Narrative Therapy: Techniques, Efficacy, and How It Works
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What is the story of your life?
If you were to be the narrator of your life experiences – and share your life as a story with a beginning, middle, and end – what would you include?
What characters would be important, and what life events would be turning points in the plot?
If you’re like most people, it’s likely that your life has had many different stories with many different interpretations. According to narrative therapy, it’s important to become the narrator in your own stories and rewrite them when they’re no longer serving you.
Narrative therapy is a non-judgmental, non-blaming therapeutic approach that centers clients in their own life stories and positions them as the experts of their own lives. It’s been shown to be effective for a wide variety of mental health concerns, including trauma and depression.
Before you start looking for a narrative therapist to help you, here’s a guide to help you understand all of its ins and outs.
What is narrative therapy?
Narrative therapy was developed in the 1980s by two Australian therapists, Michael White and David Epston.
The foundation of narrative therapy is the idea that people are separate from their problems. Too often, we identify with our problems – we are depressed; we are a trauma survivor; we are an angry person.
Narrative therapy empowers people to reclaim their lives by externalizing problems and past traumas. It is based on the fundamental belief that people have the skill and ability to make positive changes in their lives, reach their full potential, and find purpose.
Narrative therapists help you to re-author your story in a more favorable and healthier way, with problems being externalized – and therefore changeable – rather than being viewed as core parts of your story and personality.
Goals of narrative therapy
The main goal of narrative therapy is to help you write (and rewrite) stories about your life that fit who you want to be. This helps you make changes to be the best version of yourself.
Narrative therapists help you see problems as outside of yourself and understand that problems exist within a larger sociocultural context.
With the help of narrative therapy, you can understand how certain events and problems have created your existing story and learn how to look at all possible meanings to make room for other, healthier storylines.
Some of the other goals of narrative therapy include:
- Externalize problems
- Bring the “untold” aspects of your life into your life narrative
- Understand how a key problem or problems have impacted your life thus far
- Allow you to tell your story in your own words
- Challenge unhealthy or misunderstood perspectives (stories) that cause you emotional pain
- Identify values and themes that run through all of your stories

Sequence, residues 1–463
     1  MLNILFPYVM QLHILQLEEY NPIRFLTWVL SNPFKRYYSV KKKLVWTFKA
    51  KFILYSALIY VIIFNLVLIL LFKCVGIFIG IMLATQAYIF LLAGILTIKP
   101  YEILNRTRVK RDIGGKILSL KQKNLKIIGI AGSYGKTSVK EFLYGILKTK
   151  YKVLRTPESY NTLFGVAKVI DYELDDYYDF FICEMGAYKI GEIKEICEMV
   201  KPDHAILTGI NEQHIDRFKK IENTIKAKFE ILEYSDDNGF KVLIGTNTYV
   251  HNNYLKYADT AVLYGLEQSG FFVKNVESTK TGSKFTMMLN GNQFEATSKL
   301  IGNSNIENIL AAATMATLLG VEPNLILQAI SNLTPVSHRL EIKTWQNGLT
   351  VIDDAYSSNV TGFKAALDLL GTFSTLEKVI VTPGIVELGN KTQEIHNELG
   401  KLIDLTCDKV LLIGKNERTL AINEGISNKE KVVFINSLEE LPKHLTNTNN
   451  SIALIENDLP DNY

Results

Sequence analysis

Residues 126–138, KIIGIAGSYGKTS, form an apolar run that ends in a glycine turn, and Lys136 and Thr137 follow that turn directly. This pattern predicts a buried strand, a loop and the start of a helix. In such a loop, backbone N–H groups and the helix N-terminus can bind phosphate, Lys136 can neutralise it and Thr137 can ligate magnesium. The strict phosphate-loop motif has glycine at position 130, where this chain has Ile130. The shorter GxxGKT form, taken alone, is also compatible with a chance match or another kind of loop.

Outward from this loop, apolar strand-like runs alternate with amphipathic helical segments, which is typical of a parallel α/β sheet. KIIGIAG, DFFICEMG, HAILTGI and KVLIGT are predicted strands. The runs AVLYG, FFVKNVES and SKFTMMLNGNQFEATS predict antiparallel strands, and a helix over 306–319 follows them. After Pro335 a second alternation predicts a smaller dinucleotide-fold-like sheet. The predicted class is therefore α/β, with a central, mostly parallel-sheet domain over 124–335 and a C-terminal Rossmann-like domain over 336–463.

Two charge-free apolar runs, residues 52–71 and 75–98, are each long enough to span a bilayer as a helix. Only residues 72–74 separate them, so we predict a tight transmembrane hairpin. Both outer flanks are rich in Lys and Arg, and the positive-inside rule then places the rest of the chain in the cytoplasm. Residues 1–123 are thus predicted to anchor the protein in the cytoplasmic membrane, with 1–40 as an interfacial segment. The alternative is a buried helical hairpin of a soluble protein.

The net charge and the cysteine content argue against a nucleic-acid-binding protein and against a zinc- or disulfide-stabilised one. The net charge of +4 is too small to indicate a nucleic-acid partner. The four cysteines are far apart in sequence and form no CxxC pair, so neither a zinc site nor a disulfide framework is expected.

- Teach you how to make room for other stories and perspectives
- Rewrite your story to one that better matches who you want to be moving forward
What can narrative therapy help with?
Narrative therapy can be used in individual, couples, or family therapy. Therapists can also use it together with other therapy types, like cognitive-behavioral therapy.
Although narrative therapy is especially helpful for people living with mental health concerns like depression or PTSD, it can also help for a wide range of other life concerns such as:
- Relationship problems
- Anxiety and worries
- Attachment issues
- Anyone labeling themselves as “the problem” or “broken”
Narrative therapy for trauma
Narrative therapy can be used to help people heal from trauma.
Trauma is the emotional reaction that we have after we experience something that feels threatening to our life and safety. Trauma is human after going through these terrifying experiences, but for some people, the emotions might be stronger or longer-lasting. They could develop a mental health condition called post-traumatic stress disorder (PTSD).
Narrative therapy can help trauma survivors retell the story of what happened and consider these experiences from a different perspective. With narrative therapy, you can externalize these events and the problems that have arisen from them and see the bigger picture of where these events fit into your overall life narrative.
This process can help you to reclaim some of the power back over your own story. It can help you see that these traumatic experiences are one part of your past – they don’t define your whole story.
It’s important to note that there is an evidence-based treatment approach specifically for trauma called narrative exposure therapy or NET. This is not the same thing as narrative therapy; NET is a type of cognitive-behavioral therapy that uses prolonged exposure to help people overcome trauma.
Narrative therapy for depression
Narrative therapy can also be successfully used for depression.
Depression often changes the way you think about and perceive things, both internally and externally. For example, you could start having thoughts like, “I’m no good,” or “No one will ever love me.”
These thoughts aren’t true, and there may be no evidence to support them. But because of the way depression affects your thoughts, you start to feel this way.
Narrative therapy can help you to externalize depression as something that’s outside of yourself. You can re-author your life story in a way that doesn’t center depression.
Narrative therapy key concepts and techniques
There are several specific techniques that your therapist may use with you during the process of narrative therapy.
Telling your story
One of the key concepts of narrative therapy is developing and telling your story. When you get started with a narrative therapist, they will allow you to tell your story in your own words.
They may ask open questions to invite you to reflect on the events, settings, and people that formed a part of your story.
Retelling your story (alternative stories)
Narrative therapy doesn’t end with telling your story for the first time. After you’ve created your story, your therapist will help you identify the conclusions that you may have drawn from it. Often, these conclusions are unhelpful, irrational, and can even cause you emotional pain.